High anxiety in the shipping
industry about "Low Sulphur Fuel"
With just several months
left before the IMO Marpol 73/78 Annex VI comes into force in 2005, many ship
owners and ship operators are still grappling with the technical implications of
the fuel sulphur regulations.
The key question is
whether commercial vessels with their existing engine and tank configurations
are prepared to consume bunkers with lower sulphur content, particularly when
they enter the so-called Sulphur Emission Control Areas (SECAs).
Ship owners and
ship operators should first be aware of the differences between heavy fuel
oils (HFO) and ‘distillates’ such as marine diesel oils (MDO) and marine gas
Unlike distillate fuels,
HFO requires heating before being injected into diesel engines or
boilers, due of their high viscosities.
The latest statistics
indicate that world average sulphur levels in residual fuels is about 2.6%, but
in some areas, fuels with a sulphur content of up to 4.5% are common. Such fuels
may be termed high sulphur fuels (HSF). Most engine manufacturers and lube
oil suppliers describe low sulphur fuels (LSF) as products containing less than
1% sulphur, although some may include sulphur levels of up to 1.5%.
ISO 8217 specifications currently limit sulphur content to
1.5% for MGO and 2% for MDO as well as blended diesel oils, while statistics suggest that actual average
sulphur content for all distillate fuels is about 0.6%.
The EU directive,
however, is proposing that ships at berth in some areas consume LSF with a
maximum of 0.2% sulphur. From 2008, this limit may be
lowered to 0,1%.
In the absence of an
international definition for marine fuels with 0.2% sulphur or less, we will
call such fuels Ultra Low Sulphur Fuels (ULSF).
The bunker industry,
presently, has little or no knowledge about the characteristics of LSF
and ULSF, both of which are not yet readily available in the market place. This
could be a major problem for marine fuel refiners as they will soon face
mounting pressure to meet the increased demand for low sulphur products,
presumably by introducing new production processes.
designed to operate all their marine engines on HFO, will also face numerous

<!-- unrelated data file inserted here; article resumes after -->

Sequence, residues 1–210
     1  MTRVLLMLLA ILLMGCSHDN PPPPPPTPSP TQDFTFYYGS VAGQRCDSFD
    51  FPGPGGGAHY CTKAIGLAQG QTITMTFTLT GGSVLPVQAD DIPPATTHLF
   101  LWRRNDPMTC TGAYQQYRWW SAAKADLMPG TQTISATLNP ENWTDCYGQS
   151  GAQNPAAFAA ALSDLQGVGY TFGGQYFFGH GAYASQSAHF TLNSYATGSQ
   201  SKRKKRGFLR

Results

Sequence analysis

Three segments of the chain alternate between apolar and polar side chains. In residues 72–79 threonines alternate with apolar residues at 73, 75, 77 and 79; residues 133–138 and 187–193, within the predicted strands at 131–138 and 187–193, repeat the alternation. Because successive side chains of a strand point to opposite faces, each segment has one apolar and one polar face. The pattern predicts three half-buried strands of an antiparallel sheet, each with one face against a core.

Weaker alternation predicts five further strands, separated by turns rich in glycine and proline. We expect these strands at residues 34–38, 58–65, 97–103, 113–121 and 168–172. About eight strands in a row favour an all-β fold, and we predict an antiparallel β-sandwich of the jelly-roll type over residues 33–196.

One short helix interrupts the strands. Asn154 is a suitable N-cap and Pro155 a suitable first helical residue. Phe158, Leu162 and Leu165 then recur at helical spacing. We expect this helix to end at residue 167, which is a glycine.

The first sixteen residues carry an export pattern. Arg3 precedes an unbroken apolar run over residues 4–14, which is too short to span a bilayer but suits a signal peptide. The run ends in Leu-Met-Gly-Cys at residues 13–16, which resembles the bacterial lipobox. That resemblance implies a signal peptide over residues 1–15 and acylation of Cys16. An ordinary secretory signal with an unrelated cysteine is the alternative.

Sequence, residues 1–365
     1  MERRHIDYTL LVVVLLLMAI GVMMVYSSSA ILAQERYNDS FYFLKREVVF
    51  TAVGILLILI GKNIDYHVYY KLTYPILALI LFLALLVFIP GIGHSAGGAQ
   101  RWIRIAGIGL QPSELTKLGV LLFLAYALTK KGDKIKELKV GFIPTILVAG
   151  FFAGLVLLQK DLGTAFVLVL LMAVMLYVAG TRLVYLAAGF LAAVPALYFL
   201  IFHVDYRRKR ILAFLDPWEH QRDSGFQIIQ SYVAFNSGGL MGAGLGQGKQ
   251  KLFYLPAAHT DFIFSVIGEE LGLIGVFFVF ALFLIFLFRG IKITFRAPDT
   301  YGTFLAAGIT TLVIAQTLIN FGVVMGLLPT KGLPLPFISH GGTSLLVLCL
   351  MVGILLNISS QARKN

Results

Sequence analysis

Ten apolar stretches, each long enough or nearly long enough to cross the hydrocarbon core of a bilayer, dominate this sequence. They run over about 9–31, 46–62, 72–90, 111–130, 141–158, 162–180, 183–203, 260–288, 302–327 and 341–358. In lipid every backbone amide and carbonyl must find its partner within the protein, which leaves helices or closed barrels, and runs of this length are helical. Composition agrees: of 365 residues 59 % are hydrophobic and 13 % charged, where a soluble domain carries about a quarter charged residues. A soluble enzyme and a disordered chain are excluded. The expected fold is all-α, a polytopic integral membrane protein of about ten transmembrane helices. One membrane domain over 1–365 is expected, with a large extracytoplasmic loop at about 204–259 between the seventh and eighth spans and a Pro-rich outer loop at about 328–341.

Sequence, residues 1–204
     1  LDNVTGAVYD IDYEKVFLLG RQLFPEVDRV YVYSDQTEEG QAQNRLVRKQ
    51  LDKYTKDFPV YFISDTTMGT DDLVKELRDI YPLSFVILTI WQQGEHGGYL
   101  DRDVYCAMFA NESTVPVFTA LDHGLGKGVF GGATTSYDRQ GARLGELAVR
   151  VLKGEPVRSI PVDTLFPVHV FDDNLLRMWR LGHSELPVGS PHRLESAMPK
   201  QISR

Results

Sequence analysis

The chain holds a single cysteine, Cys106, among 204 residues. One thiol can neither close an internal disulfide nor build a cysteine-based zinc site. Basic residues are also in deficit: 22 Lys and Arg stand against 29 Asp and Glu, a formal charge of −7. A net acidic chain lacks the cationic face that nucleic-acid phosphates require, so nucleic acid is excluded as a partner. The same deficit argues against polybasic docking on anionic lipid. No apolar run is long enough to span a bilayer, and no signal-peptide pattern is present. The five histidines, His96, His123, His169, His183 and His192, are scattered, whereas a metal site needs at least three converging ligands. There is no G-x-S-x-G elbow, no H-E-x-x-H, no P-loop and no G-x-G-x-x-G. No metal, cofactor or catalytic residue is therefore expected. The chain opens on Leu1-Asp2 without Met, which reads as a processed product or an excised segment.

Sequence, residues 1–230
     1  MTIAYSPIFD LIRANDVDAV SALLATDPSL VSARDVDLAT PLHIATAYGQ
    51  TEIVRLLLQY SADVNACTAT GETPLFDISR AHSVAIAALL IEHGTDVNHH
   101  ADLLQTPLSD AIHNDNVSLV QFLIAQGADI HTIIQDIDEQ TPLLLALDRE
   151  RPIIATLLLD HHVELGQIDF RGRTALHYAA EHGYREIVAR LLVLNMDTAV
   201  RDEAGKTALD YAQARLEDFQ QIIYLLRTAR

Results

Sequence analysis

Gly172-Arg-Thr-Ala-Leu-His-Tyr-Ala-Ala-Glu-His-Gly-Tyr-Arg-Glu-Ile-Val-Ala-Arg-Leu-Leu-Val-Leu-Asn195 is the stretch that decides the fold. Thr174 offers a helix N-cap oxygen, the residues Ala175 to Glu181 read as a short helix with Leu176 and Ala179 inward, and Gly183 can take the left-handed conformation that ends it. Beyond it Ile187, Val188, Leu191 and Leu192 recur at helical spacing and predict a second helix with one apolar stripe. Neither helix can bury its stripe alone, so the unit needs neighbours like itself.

technical challenges when consuming LSF and ULSF; especially during the
change-over from HFO to LSF or ULSF and vice versa.
To begin with, HFO and
fuels with low sulphur content may be incompatible in certain blending ratios.
During the change-over from HSF to LSF/ULSF, and vice versa, distillate
components may disturb the stability of the HFO and cause asphaltenic sludge to
precipitate. In the worst cases, the engine hot filters will be choked, causing
fuel starvation and other ill consequences for the ship.
LSF and ULSF used in
combination with cylinder lubricating oils with high Base Number (BN) may also
result in over-lubrication, leading to cylinder liner lacquering and scuffing.
On the other hand,
some ULSF do not provide sufficient lubricity to high-pressure fuel pumps for
problem-free operation. Those high in aromaticity often have poor ignition and
combustion properties, possibly due to the de-sulphurising processes in the
refineries having a negative impact on the properties of the fuels' blended
Last but not least, the
existing tank capacity and pipelines designs on many ships make segregation of
HSF and LSF difficult or even impossible.
While two-stroke marine
diesel engines may be able to consume LSF for short periods, long-term LSF
operation can be problematic and thus raise safety concerns, particularly
when the vessels are sailing in congested waters or in the SECAs.
To what extent two-stroke
main engines will have to consume ULSF remains to be seen, since the regulations
are still unclear about the restrictions in SECAs and inland waterways in the
EU. Most likely, the
consumption of ULSF ‘at berth’ as mentioned in the regulations should imply
mainly the use of auxiliary engines to power winches, cargo pumps and
So how to prepare
for the low sulphur regulations ?
The IMO and EU
regulations are unfortunately not in line with each other on how SOx emissions
can be reduced. As an
alternative to burning low sulphur fuels, the IMO permits the use of approved
after-treatment exhaust gas cleaning systems or other technologies that can be
verified to limit SOx emissions.
The EU directive, in its
present edition, is less flexible and only allows fuels with maximum 1.5%
sulphur to be used in restricted areas.
Hence, if exhaust gas
cleaning is not going to be a viable alternative in the EU, ship operators must
equip their vessels with more segregated units of bunker tanks, settling tanks,
service tanks and cylinder lubricant tanks. Tank layout and design should
ideally be planned during the new building process since modifications on
existing installations can be costly. Even so, ships have this option to
reconfigure their onboard fuel treatment plants.
For the vessel’s chief
engineer, the best way to detect possible problems is to frequently check the
condition of the main engine piston crown and to inspect the piston ring pack
through the scavenge air ports. Over-lubrication should generally
be avoided, but in practice, this may not be a safe practice because engine
tolerances are small.
Moreover, when ships according to
the proposed EU regulations consume LSF in the SECAs, they could be sailing in